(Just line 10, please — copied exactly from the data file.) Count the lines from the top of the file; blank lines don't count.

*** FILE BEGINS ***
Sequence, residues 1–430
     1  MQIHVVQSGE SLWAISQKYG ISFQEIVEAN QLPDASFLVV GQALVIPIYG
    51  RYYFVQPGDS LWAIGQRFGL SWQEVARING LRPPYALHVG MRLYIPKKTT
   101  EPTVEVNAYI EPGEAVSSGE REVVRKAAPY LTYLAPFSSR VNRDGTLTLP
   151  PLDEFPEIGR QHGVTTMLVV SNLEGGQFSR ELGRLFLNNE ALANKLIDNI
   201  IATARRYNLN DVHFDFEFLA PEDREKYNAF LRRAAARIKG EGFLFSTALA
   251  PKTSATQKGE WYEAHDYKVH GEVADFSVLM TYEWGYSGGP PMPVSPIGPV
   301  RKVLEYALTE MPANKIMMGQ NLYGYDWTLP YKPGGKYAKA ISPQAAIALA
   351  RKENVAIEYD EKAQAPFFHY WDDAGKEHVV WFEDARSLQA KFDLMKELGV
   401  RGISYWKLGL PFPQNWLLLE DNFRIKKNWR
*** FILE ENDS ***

   401  RGISYWKLGL PFPQNWLLLE DNFRIKKNWR